Minimum Wage and the Court

The minimum wage was ushered into existence by a Republican Supreme Court Justice switching sides on 
a constitutional test before the Court, much as the Affordable Care Act has been. Justice Owen Roberts was 
a solid vote on Republican Supreme Court that in 1932–34 had dismantled most of FDR’s New Deal legislation.

In response, Roosevelt went to the Congress with
 a Court-packing plan that would have allowed him
 to make an additional appointment to the Court for every justice over 70 years and six months of age. Then Roberts, a Herbert Hoover appointee, voted with the liberal wing in 1937 to support Washington’s minimum wage. Soon after Roberts switched his vote—“the switch in time that saved nine”—Roosevelt abandoned the Court-packing plan and Congress passed the Fair Labor Standards Act. That act established the federal minimum wage, initially at 25 cents an hour, with increases to 30 cents the following year and 40 cents in 1945. The minimum wage has been increased three times in the past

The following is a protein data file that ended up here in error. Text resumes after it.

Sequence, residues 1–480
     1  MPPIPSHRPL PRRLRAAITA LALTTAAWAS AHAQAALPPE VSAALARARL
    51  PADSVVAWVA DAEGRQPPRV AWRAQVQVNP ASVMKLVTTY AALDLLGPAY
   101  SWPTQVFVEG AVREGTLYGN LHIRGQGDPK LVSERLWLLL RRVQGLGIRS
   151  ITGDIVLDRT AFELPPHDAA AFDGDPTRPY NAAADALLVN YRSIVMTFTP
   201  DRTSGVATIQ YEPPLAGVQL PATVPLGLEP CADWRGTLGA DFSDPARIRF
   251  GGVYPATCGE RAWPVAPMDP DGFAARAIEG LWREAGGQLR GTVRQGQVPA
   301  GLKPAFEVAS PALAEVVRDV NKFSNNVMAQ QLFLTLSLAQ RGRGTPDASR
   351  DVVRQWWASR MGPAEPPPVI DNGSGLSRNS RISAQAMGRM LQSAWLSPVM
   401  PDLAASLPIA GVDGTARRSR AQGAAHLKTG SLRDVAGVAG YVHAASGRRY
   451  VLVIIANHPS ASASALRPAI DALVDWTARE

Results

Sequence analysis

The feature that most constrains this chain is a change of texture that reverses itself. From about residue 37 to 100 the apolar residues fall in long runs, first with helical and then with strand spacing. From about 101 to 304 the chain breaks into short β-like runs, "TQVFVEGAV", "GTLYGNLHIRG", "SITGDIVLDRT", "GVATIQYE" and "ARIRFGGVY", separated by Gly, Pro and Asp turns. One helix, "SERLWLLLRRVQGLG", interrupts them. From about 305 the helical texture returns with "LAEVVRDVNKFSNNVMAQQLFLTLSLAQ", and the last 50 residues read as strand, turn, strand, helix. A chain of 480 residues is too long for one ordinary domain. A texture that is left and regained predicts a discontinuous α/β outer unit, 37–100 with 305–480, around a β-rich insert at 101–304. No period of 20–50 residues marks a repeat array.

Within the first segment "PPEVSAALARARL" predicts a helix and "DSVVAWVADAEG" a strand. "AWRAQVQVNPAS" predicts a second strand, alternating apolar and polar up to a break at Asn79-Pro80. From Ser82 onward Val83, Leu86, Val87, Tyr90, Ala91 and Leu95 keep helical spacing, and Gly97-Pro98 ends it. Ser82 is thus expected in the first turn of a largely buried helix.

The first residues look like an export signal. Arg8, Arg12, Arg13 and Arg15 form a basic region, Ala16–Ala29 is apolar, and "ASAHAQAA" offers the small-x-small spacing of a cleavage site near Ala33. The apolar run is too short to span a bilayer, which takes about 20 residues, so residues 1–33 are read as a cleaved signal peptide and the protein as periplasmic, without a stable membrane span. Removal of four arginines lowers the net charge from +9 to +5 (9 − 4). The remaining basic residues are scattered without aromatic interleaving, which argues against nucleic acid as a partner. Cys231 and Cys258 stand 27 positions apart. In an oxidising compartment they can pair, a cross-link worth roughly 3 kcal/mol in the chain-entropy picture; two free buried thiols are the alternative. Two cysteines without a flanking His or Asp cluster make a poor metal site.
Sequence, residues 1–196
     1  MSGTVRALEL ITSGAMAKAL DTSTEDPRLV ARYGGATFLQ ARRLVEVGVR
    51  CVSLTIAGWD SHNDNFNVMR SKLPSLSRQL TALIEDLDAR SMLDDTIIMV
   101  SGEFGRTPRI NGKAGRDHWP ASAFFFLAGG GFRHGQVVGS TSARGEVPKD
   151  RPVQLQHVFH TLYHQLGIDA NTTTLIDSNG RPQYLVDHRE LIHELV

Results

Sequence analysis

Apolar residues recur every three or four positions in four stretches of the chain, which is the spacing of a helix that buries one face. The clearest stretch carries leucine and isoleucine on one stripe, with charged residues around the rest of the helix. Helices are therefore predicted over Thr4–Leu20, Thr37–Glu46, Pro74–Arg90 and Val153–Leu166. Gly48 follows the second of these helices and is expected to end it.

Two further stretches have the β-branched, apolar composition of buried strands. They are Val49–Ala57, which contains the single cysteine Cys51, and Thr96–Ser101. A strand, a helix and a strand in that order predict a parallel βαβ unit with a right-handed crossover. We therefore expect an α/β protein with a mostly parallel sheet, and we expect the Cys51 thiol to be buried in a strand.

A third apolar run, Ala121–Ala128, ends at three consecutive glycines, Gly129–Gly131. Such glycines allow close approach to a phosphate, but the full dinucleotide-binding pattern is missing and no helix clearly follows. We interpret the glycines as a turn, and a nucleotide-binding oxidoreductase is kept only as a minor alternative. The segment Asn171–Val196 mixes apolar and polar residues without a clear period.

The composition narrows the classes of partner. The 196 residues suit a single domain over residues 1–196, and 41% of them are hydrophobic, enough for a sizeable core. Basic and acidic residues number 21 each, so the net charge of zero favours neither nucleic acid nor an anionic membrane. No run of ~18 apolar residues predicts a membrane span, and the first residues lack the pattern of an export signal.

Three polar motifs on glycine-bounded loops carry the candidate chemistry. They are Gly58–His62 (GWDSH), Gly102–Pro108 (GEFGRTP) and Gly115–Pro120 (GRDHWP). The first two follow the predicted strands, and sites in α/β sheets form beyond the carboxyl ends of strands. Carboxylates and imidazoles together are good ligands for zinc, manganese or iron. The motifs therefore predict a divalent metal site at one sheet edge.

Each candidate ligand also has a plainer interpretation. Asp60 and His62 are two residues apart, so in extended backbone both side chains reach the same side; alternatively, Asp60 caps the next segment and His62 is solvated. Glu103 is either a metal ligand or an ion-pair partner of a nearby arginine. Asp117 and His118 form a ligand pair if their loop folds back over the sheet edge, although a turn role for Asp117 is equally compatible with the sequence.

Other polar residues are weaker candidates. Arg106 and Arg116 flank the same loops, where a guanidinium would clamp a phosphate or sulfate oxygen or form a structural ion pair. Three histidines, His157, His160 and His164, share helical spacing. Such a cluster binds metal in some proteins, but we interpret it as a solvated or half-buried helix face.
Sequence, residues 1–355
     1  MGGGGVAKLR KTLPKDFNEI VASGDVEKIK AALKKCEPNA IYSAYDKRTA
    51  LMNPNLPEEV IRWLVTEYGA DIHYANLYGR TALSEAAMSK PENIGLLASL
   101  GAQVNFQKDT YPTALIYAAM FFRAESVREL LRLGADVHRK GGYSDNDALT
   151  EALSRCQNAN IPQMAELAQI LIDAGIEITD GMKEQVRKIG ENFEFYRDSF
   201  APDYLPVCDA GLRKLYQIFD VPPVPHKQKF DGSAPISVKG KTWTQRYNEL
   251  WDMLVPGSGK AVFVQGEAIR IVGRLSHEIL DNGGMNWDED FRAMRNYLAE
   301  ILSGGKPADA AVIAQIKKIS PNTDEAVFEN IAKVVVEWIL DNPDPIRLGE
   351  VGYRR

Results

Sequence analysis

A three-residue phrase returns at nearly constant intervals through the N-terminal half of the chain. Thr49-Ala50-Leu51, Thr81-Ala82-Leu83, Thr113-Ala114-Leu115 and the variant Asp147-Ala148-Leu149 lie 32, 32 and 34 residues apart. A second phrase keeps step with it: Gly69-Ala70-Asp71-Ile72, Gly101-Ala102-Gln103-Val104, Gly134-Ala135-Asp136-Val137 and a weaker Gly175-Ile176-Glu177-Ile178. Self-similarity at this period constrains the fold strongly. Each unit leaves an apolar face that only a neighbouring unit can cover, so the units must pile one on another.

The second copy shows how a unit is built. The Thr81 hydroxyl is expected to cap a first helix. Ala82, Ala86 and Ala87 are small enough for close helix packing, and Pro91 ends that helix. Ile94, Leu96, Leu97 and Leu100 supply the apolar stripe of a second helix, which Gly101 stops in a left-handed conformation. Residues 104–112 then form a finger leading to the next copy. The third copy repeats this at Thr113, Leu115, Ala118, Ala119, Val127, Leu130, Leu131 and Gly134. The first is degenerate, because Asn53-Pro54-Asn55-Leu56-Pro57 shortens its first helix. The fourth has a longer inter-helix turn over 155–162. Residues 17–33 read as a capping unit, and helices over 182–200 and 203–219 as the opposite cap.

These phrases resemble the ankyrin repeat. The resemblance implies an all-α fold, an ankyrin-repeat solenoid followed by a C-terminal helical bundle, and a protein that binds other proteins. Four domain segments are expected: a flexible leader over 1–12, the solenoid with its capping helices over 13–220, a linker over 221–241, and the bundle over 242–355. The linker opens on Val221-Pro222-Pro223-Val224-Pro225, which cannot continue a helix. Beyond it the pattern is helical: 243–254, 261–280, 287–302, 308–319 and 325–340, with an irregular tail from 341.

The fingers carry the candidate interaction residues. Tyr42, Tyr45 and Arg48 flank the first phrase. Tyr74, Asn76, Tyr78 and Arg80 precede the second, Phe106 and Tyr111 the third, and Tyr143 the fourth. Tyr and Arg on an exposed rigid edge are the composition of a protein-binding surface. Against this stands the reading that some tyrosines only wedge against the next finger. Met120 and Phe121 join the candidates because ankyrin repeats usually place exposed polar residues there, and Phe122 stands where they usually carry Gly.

30 years, each increase introduced by a Democratic member of Congress.

Consider the current Court. If President Obama 
is defeated, Mitt Romney will have the opportunity
 to appoint a conservative majority that will obstruct progressive legislation for at least 20 years. Justice Ruth Bader Ginsburg is in poor health and 79, so the Court’s only genuine liberal would probably retire before the end of a Romney term. Antonin Scalia and Anthony Kennedy, both 76, could retire, allowing Romney to appoint young right-wing justices who will shape American jurisprudence until the Kardashian sisters reach middle age.

Related reading: Stealth Stimulus: Why Democrats Are Foolish Not to Try to Raise the Minimum Wage